I didn’t think I would be upset when our breastfeeding journey ended, but then I saw a modest Instagram story with a mom nursing her baby and it brought tears to my eyes. They were cuddly and wrapped in blanket. I won’t get that time back with her.
My daughter loved it and she was always excited. My husband and I had this silly routine at night where I’d dress her and hand her to him. I’d get comfy in my chair with the beloved boppy and then he’d hand her back to me. She would practically leap out of his arms and hyperventilate trying to get to me. “Do you see this right now?” He’d smirk. My husband and I would chuckle every time.
Seeing her ecstatic about something trivial to us is something I don’t want to forget.
It was a love/hate relationship
I had a love hate relationship with nursing. I always knew I wanted to nurse, and I knew it was a commitment, but I didn’t know. Ya know?
When she was two months old, we went to Italy for work. I was determined to maintain my supply so I was a slave to the pump and I carried my manual pump everywhere we went. I pumped in the sketchiest of sketchy bathrooms. (Bugs, dirt, and dumpsters, OH MY. Wait— not in the dumpster, just the bathroom beside it, in case you questioned my sanity.) And damn customs through Britain wouldn’t let me take my milk as a carry on, so we had to check it. It ended up THAWING in the overpriced cooler we bought just for my milk. *EYEROLLS FOR DAYS*. You can read about our [trip to Italy] or how I [maintained my supply while traveling].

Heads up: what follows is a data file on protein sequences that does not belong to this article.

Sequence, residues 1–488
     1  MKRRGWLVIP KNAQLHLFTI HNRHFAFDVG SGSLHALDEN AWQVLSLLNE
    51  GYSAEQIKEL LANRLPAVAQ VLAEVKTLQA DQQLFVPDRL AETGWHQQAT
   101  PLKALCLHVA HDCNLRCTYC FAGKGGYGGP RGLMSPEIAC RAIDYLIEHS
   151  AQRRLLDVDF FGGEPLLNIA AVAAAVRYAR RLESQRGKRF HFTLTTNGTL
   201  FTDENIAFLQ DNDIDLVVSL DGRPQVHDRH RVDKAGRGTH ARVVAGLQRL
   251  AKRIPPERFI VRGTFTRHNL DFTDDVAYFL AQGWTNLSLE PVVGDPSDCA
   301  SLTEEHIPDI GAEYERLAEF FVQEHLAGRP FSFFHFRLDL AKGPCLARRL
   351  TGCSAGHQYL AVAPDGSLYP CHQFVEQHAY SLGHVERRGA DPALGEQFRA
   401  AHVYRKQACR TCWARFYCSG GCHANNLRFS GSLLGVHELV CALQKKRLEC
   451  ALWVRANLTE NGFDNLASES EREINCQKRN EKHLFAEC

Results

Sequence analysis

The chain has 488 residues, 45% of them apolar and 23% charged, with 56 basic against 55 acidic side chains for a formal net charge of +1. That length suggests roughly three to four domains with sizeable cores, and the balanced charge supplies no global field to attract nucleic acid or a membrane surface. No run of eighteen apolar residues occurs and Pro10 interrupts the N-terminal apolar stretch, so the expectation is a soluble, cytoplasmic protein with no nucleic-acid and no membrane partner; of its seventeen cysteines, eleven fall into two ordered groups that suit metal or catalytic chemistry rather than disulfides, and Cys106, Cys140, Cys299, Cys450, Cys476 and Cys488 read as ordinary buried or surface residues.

During “Asshole” at a [bachelorette party], there I was pumping away, flashing the entire table. One of the girls offered to help me, and for some odd reason I thought she meant with the pump, so of course I gave her a weird look. She saw my face and laughed explaining, “with the CARDS, BRI. THE CARDS.”
I began to hate the pump after needing it for all these events. At my cousin’s rehearsal dinner for her wedding I was sitting in the women’s restroom with the cord dangling outside the stall and plugged into the outlet. I couldn’t quite shut the door. I can only imagine how weird that looked. A strange motor sucking sound, a plug, and a half open door. I tried to listen to everyone’s voices that came in so I could be like, “It’s just me. Pumping. Again.”
But because I despised the pump, she would not take the bottle. The few times I was away from her she’d give the sitter/family member a hard time. It factored into the decision of quitting my job. She wouldn’t take the bottle at daycare so I’d go there on my lunch. At the time, she’d take really long afternoon naps (I mean really long… like 3 hours) so I could scoop her up from day care and take her home and continue to work in the afternoon.
[I was trapped]. I just wanted to assurance that my husband could step in if I got hit by a bus or in the slight chance he wanted to volunteer to get up with her in the night. HA. That’s a real knee slapper.
After a month of giving her a stemless wine glass with pureed fruit and formula mixed together, I was [finally able to transition her to the bottle].
And after about two months of occasionally dropping a feeding, she was done nursing. I thought I was done exactly on her [11 month mark], but after about 60 hours without a feeding I was uncomfortable so I did one real last feeding. Now I’m tearing up again.
I never thought that I’d miss this, but it just means little by little she’ll need me less. Okay, now I’m crying. I’m going to quit while I’m ahead. If you figure out how to keep babies little forever, let me know. K? K.